Month 3: Sonic the Hedgehog 2 (Sega Genesis)
Hear me out with this one. Sonic 2 is perhaps the most popular entry in the franchise’s Genesis era. During the time of the SNES’s run, it was one of the biggest competitors. It has simple controls, fast gameplay, and compelling platforming coupled with some interesting multiplayer race options and lots of replay value in the effort to unlock the best ending. If Nintendo was serious about showcasing third-party support, offering a Sega game would be a nice touch. Sega has a good track record of re-releasing games on all platforms, including the various iterations of Nintendo’s Virtual Console. I’m sure they would love to have some classic Sonic out there with Nintendo’s blessing. It would also be a strong statement: “We included two of gaming’s heaviest hitters with our new service.”
Month 4: Kirby’s Adventure (NES)
Kirby’s Adventure is the only Kirby game on the NES, but it’s one of his best. Kirby’s standard platforming staples are all here, and has plenty of content to keep players coming back for more. It also features the first appearance of fan-favorite Meta-Knight. As far as NES games go, this was originally released in the later years, so the system’s fullest capabilities were utilized, and it shows. Kirby’s Adventure offers some of the best visuals on the NES.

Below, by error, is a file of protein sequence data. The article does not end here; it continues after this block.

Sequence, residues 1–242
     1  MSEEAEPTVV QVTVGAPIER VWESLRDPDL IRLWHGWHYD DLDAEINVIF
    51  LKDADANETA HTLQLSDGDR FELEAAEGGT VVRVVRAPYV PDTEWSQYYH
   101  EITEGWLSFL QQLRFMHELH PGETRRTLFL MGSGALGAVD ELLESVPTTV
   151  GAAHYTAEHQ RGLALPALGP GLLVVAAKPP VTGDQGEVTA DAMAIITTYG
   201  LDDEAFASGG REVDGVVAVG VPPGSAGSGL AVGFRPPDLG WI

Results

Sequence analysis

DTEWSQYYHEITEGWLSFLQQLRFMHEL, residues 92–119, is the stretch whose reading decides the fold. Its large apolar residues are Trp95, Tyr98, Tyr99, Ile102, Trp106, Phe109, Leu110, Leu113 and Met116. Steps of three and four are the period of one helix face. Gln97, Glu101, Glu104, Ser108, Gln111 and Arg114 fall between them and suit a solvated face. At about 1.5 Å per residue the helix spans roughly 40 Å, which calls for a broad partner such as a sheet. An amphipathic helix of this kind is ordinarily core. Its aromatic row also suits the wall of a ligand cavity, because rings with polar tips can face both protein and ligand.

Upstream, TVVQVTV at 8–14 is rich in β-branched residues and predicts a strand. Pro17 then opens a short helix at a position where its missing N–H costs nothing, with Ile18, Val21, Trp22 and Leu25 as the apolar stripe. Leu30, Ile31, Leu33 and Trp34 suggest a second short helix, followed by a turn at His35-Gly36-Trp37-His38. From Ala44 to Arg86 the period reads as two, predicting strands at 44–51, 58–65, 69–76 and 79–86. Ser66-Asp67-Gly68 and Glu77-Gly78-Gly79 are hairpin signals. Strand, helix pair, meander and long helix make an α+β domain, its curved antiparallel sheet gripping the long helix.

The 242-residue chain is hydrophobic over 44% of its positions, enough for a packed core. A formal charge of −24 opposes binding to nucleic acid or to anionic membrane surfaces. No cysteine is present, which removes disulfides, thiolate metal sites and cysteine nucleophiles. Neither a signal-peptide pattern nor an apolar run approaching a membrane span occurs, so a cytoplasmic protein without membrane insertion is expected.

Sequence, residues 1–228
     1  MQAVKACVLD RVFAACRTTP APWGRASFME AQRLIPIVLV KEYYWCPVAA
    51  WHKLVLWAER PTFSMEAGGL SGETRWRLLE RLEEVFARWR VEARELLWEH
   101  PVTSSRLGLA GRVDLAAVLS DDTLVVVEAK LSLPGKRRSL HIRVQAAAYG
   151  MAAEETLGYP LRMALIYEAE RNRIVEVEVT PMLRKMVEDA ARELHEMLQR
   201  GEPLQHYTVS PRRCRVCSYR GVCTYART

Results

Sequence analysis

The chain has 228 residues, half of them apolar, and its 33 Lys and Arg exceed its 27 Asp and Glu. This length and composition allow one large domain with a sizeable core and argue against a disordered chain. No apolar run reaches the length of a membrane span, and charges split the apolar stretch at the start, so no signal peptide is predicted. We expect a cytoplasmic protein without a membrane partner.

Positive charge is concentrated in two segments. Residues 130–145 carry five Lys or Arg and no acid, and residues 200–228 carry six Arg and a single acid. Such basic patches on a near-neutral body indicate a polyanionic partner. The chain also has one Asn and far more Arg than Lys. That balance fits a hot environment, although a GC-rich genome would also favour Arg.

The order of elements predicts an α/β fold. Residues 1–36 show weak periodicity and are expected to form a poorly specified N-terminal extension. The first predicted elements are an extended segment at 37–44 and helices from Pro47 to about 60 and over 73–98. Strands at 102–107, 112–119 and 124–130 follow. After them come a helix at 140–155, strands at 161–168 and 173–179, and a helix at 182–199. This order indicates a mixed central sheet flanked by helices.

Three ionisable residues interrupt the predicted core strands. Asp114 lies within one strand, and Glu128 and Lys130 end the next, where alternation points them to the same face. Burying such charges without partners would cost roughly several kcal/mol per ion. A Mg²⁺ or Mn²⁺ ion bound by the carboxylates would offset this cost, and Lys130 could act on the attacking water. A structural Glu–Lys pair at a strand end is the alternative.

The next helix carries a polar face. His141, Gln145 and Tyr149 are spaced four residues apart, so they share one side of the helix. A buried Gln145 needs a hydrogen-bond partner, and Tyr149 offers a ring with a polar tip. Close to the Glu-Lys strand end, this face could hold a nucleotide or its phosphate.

Month 5: Teenage Mutant Ninja Turtles II: The Arcade Game (NES)
Easily one of the greatest ports of an arcade game on the NES, TMNT2 was a great showpiece for brawlers on a home console. Visually, it was colorful and well animated, and the audio was top notch. The arcade version of the game was capable of allowing four people to play at once, so if Nintendo (and Konami, the developer) were to put this one out, I’d love for them to patch it to be four player online.
Month 6: The Revenge of Shinobi (Sega Genesis)
Another Sega game on the list that would be a great addition to this selection. As a platformer, it’s a classic showcase of the genre, and is a great look at what early Genesis games were capable of (it was released in 1989, originally). It also featured some interesting character cameos, which prompted revisions of the game to remove them after copyright issues cropped up. Batman, Rambo, Godzilla, and more were all showcased through the use of a shape-shifting enemy. It also has a killer soundtrack.
Nintendo would be wise to pull out some games of this quality in the first 6 months of the service. It would be a great incentive to get gamers to see the value in subscribing, and could pave the way for more classic (but often unavailable) games to be showcased to the masses. At the very least, Nintendo should try to highlight releases of games not previously launched on any Virtual Console iteration. We’ve replayed the original Super Mario Brothers time and time again, but there are so many other titles that have not seen the light of day in decades that would be great to showcase to a considerably larger audience than when they first released. Partnering with other classic game developers, like Sega, Atari, and Namco, would be a solid gesture too, opening up the service to even more deep libraries of classic titles.